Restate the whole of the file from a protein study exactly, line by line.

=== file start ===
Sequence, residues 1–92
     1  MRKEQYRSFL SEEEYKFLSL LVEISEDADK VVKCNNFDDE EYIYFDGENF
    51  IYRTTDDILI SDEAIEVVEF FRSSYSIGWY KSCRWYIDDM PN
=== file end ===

Sequence, residues 1–92
     1  MRKEQYRSFL SEEEYKFLSL LVEISEDADK VVKCNNFDDE EYIYFDGENF
    51  IYRTTDDILI SDEAIEVVEF FRSSYSIGWY KSCRWYIDDM PN